Do I need ethical approval?
Let’s start with ethics. NHS Ethics sounds obvious right? Wrong. First of all. What is ‘NHS’? The lines between NHS, social care and contracted services are not always clear. I’ll also point out that when people say ‘NHS Ethics’ it’s not about local NHS Ethics within NHS Organisations, it’s NHS Ethics centrally operated by the Health Research Authority.
When using the ‘Do I Need NHS REC review?’ Tool which I thoroughly recommend using (see link below), the most pertinent question for this aspect is:
“Will your study involve research participants identified from, or because of their past or present use of services (adult and children’s healthcare within the NHS and adult social care), for which the UK health departments are responsible (including services provided under contract with the private or voluntary sectors), including participants recruited through these services as healthy controls?”
For most pharmacists, this will likely mean that your answer is therefore yes, where your research involves patients, recruited through any setting including community pharmacies.
NHS Ethics however, excludes audits and service evaluations. Therefore NHS Ethics is only required for studies which are classified as ‘research’. Not sure if your study is research or not? They have a tool for that too. Research is not defined necessarily by the methods which you employ, but the outcomes you intend to generate. The tool is really helpful (see below for link).
However, just because your study may not involve patients, does not mean that it does not need to undergo ethical approval. For instance, the University of Sunderland defines research requiring ethical approval as “any study which involves human participants, their tissue or their data’, including audits and service evaluations” (see link).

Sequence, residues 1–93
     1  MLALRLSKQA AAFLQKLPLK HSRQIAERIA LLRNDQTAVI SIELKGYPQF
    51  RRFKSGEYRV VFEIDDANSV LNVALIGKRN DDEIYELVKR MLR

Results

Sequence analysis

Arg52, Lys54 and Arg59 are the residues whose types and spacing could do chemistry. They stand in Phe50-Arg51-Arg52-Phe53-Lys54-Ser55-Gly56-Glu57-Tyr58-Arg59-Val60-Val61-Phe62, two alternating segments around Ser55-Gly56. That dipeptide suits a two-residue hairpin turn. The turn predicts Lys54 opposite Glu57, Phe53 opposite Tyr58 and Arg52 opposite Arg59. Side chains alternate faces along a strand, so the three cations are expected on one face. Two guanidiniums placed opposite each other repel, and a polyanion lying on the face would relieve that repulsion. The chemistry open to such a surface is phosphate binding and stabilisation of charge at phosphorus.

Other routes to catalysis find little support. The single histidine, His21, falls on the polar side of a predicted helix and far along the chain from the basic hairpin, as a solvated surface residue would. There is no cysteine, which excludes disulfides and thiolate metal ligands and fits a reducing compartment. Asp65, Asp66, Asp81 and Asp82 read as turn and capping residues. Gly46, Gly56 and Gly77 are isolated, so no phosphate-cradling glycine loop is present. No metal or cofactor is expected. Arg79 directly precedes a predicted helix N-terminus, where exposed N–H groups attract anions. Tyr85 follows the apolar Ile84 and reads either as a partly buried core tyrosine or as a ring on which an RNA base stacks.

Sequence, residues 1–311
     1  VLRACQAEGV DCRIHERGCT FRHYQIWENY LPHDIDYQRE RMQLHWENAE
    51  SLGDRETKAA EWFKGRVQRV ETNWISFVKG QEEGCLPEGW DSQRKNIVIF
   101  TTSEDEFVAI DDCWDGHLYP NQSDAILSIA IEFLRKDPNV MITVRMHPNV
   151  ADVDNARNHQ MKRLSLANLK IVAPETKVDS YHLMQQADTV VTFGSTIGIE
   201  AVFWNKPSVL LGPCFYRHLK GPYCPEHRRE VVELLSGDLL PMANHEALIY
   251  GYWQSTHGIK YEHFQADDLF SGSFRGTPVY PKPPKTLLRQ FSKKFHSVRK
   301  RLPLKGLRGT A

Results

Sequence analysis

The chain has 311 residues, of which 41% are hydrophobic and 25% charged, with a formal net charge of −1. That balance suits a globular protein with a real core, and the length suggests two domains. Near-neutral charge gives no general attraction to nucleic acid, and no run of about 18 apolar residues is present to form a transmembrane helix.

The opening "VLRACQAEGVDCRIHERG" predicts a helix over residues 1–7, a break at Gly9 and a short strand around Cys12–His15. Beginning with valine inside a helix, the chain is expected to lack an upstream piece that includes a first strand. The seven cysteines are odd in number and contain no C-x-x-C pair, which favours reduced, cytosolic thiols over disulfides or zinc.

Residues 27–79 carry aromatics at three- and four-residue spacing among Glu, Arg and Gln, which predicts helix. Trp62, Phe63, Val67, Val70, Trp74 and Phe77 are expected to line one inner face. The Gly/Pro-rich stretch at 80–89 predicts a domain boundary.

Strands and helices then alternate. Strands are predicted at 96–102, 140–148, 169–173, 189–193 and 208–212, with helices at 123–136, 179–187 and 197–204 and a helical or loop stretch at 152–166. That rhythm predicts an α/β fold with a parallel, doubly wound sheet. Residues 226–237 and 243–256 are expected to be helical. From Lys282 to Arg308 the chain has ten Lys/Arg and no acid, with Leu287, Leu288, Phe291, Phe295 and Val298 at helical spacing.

Equally in hospital trusts, you may have an internal ethics committee that evaluates research that falls short of the definitions set out in the NHS Ethics principles of the Health Research Authority.
The purpose of ethical approval is quite simple but very important – to determine what the implications are for participating in a research study from the perspective of the participant. What are the risks? What are the potential benefits? Will the researcher be able to protect the rights of participants who are involved in their research?
If researchers haven’t sought patient and public involvement in the design of their research, this may be the first time that they consider some of these perspectives and certainly when I went through the NHS Ethics process, the fact that I had involved patients in the design made answering some of the committee’s questions much easier (more on NHS coming soon).
University of Sunderland Ethics and Governance (example of HEI procedures): http://www.sunderland.ac.uk/research/governance/researchethics/#d.en.51507